This Training Grant, currently in its 35th year of funding, represents the primary support for graduate students in the Immunology Training Program at the University of Chicago. The Program is conducted in a diverse environment where the basic biological sciences and the medical school and clinical programs are integrated within the same Division in a single Campus in Hyde Park, Chicago, IL. It is embodied by the Committee on Immunology, an interdisciplinary and interdepartmental academic unit, which includes some of the most distinguished and productive faculty in various Departments. The faculty is composed of 31 trainers selected for their outstanding research and training record, their well-funded laboratory and their dynamic involvement in all aspects of the Program. They form a diverse, age and gender-balanced group, whose research spans a broad spectrum of basic as well as translational Immunology, including modern or emerging areas such as live imaging, genomics and systems biology, microbiome studies, chemical biology, molecular engineering and human immunology. Predoctoral students receive advanced training in Immunology through a formal series of courses, including a core basic curriculum and electives from a wide range of scientific disciplines, and laboratory rotations. The comprehensive training also includes a weekly Journal Club, Work-in-Progress and Seminar Series, and an annual two-day Retreat. All predocs and postdocs receive training in responsible conduct of research. Career development is enhanced through a dedicated career seminar series, formal training for grantsmanship, and partnership with UChicago Booth School of Business to develop biomedical entrepreneurship. There is strong institutional support, shown by the major allocation of new space, the regroupment of faculty in a new "Immunology Hub" at the center of the renovated campus, the sustained financial and administrative support from the Biomedical Science Division. New strength is drawn from the recruitment of immunology training faculty in emerging areas such as microbiome studies and in physical sciences, such as chemical biology, computational biology and molecular engineering, with a proven record of interdisciplinary collaborations. The Program is continuously and rigorously evaluated with respect to organization, leadership, objectives and outcomes. With a world-renowned group of dynamic faculty and a large pool of exceptionally qualified applicants, this is one of the best and most competitive training program in the country, as shown by the high retention and completion rates of our trainees, which include many underrepresented minority students, their impressive publication rate (average of 6 publications/per trainee, including in highest impact journals such as Nature, Science, Cell) and their success in securing independent scientific careers with many tenure-track academic positions. Based on this track record of success and growth, continued support is requested with an increment of two slots.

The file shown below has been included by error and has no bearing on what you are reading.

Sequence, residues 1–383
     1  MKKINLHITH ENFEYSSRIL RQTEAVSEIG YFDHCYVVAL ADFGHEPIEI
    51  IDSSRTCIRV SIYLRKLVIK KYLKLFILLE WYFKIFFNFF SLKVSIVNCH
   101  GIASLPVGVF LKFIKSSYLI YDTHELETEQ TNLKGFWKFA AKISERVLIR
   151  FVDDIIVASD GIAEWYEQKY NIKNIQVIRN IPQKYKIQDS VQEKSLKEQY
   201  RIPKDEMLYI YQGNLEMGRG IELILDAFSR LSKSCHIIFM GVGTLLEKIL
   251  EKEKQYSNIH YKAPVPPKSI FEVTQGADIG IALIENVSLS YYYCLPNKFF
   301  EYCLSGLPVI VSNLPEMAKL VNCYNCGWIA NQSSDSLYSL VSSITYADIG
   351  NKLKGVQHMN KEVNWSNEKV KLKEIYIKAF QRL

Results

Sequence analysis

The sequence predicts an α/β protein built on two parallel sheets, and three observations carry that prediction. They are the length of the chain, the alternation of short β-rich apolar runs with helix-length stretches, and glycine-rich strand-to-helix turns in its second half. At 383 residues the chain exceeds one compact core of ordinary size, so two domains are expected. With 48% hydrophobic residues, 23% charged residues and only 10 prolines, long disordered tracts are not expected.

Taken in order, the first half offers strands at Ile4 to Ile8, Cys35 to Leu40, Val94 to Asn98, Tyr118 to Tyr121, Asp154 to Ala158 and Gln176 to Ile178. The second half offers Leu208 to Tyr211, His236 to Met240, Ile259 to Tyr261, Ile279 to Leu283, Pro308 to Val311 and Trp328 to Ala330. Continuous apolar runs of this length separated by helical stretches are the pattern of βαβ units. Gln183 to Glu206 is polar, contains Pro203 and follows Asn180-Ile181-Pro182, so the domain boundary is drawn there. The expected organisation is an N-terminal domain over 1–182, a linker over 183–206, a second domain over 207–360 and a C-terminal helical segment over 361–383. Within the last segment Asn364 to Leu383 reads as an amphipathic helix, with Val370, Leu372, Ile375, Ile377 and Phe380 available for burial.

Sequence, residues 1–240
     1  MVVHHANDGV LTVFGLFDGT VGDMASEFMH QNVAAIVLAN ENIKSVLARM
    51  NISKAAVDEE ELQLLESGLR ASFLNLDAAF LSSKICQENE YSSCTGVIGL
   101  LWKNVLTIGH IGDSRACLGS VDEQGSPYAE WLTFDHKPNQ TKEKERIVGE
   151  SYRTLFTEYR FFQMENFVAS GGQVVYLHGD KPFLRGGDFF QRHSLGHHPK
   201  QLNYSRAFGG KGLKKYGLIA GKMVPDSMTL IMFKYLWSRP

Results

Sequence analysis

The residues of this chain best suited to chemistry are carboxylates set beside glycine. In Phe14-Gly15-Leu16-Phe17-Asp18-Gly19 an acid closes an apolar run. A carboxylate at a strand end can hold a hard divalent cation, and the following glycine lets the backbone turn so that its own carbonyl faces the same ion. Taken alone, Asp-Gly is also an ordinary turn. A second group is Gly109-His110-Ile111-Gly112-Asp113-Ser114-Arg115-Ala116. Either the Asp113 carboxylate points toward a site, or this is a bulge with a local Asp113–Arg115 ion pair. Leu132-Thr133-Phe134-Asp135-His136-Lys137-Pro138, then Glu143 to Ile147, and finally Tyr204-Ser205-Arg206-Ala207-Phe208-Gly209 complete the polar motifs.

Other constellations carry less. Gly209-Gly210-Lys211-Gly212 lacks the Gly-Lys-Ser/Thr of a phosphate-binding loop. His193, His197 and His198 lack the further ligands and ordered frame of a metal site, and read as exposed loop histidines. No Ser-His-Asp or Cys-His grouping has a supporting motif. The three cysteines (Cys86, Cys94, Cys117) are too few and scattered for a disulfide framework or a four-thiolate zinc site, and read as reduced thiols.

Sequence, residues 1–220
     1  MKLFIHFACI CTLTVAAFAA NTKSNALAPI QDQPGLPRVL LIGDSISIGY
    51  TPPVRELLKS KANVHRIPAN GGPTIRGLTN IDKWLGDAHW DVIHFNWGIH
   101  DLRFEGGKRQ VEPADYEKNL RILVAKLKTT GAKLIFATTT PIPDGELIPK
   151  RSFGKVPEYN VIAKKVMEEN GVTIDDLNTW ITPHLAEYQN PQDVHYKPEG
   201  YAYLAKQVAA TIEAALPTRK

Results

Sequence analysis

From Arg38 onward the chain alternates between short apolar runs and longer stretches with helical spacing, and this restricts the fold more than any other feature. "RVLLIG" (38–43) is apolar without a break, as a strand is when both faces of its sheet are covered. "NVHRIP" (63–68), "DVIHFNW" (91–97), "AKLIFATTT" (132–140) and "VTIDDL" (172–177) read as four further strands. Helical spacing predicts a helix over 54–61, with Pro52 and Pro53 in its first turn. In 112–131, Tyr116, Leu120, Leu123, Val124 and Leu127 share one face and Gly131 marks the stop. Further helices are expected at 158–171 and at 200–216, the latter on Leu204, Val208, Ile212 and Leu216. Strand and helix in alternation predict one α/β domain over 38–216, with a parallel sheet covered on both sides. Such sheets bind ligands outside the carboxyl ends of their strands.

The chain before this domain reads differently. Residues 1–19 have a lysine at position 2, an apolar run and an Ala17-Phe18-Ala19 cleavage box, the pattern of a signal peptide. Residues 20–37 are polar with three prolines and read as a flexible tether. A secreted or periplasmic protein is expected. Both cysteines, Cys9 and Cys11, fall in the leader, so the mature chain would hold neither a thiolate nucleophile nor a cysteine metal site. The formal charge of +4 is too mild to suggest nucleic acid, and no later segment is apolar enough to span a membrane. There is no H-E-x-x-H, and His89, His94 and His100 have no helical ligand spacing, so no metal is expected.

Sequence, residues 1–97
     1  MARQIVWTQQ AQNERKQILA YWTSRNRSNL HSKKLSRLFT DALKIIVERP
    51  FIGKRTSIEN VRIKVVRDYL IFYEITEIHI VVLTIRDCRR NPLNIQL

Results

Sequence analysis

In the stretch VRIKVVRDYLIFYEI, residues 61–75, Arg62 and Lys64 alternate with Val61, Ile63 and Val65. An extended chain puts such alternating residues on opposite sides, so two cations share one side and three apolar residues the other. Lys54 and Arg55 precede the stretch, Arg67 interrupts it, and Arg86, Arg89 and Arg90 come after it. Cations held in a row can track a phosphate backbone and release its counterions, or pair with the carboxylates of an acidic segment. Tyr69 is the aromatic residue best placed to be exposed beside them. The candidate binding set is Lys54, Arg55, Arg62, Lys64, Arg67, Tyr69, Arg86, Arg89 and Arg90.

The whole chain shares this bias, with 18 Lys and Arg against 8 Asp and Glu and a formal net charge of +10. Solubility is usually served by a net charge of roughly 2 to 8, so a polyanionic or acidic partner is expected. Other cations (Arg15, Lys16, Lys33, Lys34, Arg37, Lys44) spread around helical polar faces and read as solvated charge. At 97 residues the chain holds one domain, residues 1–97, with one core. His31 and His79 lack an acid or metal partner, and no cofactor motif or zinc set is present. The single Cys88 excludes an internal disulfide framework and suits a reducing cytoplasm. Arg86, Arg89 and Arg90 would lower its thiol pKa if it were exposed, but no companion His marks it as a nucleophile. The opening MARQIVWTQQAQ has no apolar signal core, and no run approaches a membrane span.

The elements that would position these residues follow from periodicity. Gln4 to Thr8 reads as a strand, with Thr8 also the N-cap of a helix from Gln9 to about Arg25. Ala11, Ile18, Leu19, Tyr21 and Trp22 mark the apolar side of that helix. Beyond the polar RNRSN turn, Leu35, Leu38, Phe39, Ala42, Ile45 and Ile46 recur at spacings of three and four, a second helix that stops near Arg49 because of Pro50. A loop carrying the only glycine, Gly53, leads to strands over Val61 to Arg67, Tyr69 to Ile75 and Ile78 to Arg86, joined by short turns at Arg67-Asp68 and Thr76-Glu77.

Public Health Relevance

This Program trains the next generation of Immunologists who will lead the innovative research, teaching and biomedical entrepreneurship that is needed to advance basic science and develop new translational approaches for prevention and treatment of autoimmune diseases and cancer, improvement of organ transplant and for the design of new and more efficient vaccines. The funding will contribute to Public Health by supporting the training of highly skilled individuals who will join the national Biomedical Research Workforce.

Agency
National Institute of Health (NIH)
Type
Institutional National Research Service Award (T32)
Project #
2T32AI007090-36
Application #
8741310
Study Section
Special Emphasis Panel (ZAI1)
Program Officer
Prograis, Lawrence J
Project Start
Project End
Budget Start
Budget End
Support Year
36
Fiscal Year
2014
Total Cost
Indirect Cost
Name
University of Chicago
Department
Pathology
Type
Schools of Medicine
DUNS #
City
Chicago
State
IL
Country
United States
Zip Code
60637
Cao, Severine; Feehley, Taylor J; Nagler, Cathryn R (2014) The role of commensal bacteria in the regulation of sensitization to food allergens. FEBS Lett 588:4258-66
Binder, David C; Schreiber, Hans (2014) Dual blockade of PD-1 and CTLA-4 combined with tumor vaccine effectively restores T-cell rejection function in tumors--letter. Cancer Res 74:632; discussion 635
Keerthivasan, Shilpa; Aghajani, Katayoun; Dose, Marei et al. (2014) ?-Catenin promotes colitis and colon cancer through imprinting of proinflammatory properties in T cells. Sci Transl Med 6:225ra28
Zhai, Zili; Wu, Feng; Dong, Fengshi et al. (2014) Human autophagy gene ATG16L1 is post-transcriptionally regulated by MIR142-3p. Autophagy 10:468-79
Wilks, Jessica; Beilinson, Helen; Theriault, Betty et al. (2014) Antibody-mediated immune control of a retrovirus does not require the microbiota. J Virol 88:6524-7
Verykokakis, Mihalis; Zook, Erin C; Kee, Barbara L (2014) ID'ing innate and innate-like lymphoid cells. Immunol Rev 261:177-97
Dose, Marei; Emmanuel, Akinola Olumide; Chaumeil, Julie et al. (2014) *-Catenin induces T-cell transformation by promoting genomic instability. Proc Natl Acad Sci U S A 111:391-6
Stefka, Andrew T; Feehley, Taylor; Tripathi, Prabhanshu et al. (2014) Commensal bacteria protect against food allergen sensitization. Proc Natl Acad Sci U S A 111:13145-50
Mortenson, Eric D; Fu, Yang-Xin (2014) Anti-HER2/Neu passive-aggressive immunotherapy. Oncoimmunology 3:e27296
Chen, Bohao; Moore, Tamson V; Li, Zhenping et al. (2014) Gata5 deficiency causes airway constrictor hyperresponsiveness in mice. Am J Respir Cell Mol Biol 50:787-95

Showing the most recent 10 out of 45 publications